wn at 8:07:20 a.m. Wheels stop occurred at 8:08:08 a.m.
During 202 orbits of Earth, the crew of Atlantis, which includes Commander Steve Frick, Pilot Alan Poindexter and Mission Specialists Leland Melvin, Rex Walheim, Hans Schlegel, Stan Love and Dan Tani, installed the European Space Agency's Columbus laboratory on the International Space Station. Columbus, Europe's largest contribution to the station, adds more than 2,600 cubic feet to the station and a wide variety of experiments and research.
The astronauts conducted three spacewalks to install and set up Columbus. They also removed a spent nitrogen tank assembly and a failed gyroscope, both of which were returned to Earth. During the final spacewalk, the astronauts examined an area outside of the station's air lock, where a small divot was discovered. The astronauts used an improvised tool comprising some material from an unused overglove to see if this area could be causing cuts and abrasions on the astronauts' gloves. Engineers in Houston will examine the results.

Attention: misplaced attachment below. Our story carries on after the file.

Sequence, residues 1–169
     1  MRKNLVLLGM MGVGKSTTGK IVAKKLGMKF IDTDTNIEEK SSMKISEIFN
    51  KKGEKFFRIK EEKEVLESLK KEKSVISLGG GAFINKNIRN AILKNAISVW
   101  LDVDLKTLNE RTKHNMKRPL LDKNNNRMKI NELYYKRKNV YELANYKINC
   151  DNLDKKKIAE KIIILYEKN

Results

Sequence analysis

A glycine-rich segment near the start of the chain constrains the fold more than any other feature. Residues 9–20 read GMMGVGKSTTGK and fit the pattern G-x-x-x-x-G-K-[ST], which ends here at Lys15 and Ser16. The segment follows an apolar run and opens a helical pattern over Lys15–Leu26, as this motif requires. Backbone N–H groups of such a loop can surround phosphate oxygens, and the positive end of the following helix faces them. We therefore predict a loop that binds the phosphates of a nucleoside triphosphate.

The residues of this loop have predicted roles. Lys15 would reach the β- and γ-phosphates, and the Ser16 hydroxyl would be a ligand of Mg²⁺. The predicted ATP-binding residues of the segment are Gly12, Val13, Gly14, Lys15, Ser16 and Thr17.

Atlantis delivered European Space Agency astronaut Leopold Eyharts to the station, replacing Tani as a flight engineer aboard the complex. Tani spent 107 days in space as a resident of the station. He launched on Oct. 23, 2007, aboard space shuttle Discovery on the STS-120 mission.
Atlantis will be towed to its orbiter processing facility this afternoon, where it will begin preparations for its next mission, STS-125, which is targeted to launch Aug. 28 to service the Hubble Space Telescope for the final time.
As Atlantis landed, the astronauts saw out their left window space shuttle Endeavour standing ready at launch pad 39-A. Endeavour's launch on mission STS-123 is scheduled for March 11. The crew of Atlantis is scheduled to return to Houston on Thursday. An arrival ceremony is planned for about 4 p.m. at NASA Hangar 276 at Ellington Field.<